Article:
That is, if p(i) denotes the ith prime number, the numbers in this sequence are those of the form p(p(i)). Dressler & Parker (1975) used a computer-aided proof (based on calculations involving the subset sum problem) to show that every integer greater than 96 may be represented as a sum of distinct super-prime numbers. Their proof relies on a result resembling Bertrand's postulate, stating that (after the larger gap between super-primes 5 and 11) each super-prime number is less than twice its predecessor in the sequence.
Broughan and Barnett show that there are
super-primes up to x. This can be used to show that the set of all super-primes is small.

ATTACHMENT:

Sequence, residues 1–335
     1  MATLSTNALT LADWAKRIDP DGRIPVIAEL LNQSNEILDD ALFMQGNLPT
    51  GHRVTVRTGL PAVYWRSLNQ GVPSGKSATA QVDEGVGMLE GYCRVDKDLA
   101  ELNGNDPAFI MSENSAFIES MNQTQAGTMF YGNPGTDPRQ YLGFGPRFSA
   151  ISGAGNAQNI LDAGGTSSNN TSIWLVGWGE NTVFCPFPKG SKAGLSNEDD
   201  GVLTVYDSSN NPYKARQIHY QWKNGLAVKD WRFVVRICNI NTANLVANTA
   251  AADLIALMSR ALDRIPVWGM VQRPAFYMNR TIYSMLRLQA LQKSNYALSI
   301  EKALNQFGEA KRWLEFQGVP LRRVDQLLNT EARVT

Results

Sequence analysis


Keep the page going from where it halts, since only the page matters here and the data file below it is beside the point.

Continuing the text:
One can also define "higher-order" primeness much the same way, and obtain analogous sequences of primes. Fernandez (1999)
A variation on this theme is the sequence of prime numbers with palindromic prime indices, beginning with
- Kevin A. Broughan and A. Ross Barnett, On the Subsequence of Primes Having Prime Subscripts, Journal of Integer Sequences 12 (2009), article 09.2.3.
- Dressler, Robert E.; Parker, S. Thomas (1975), "Primes with a prime subscript", Journal of the ACM 22 (3): 380–381, doi:10.1145/321892.321900, MR 0376599.
- Fernandez, Neil (1999), An order of primeness, F(p).
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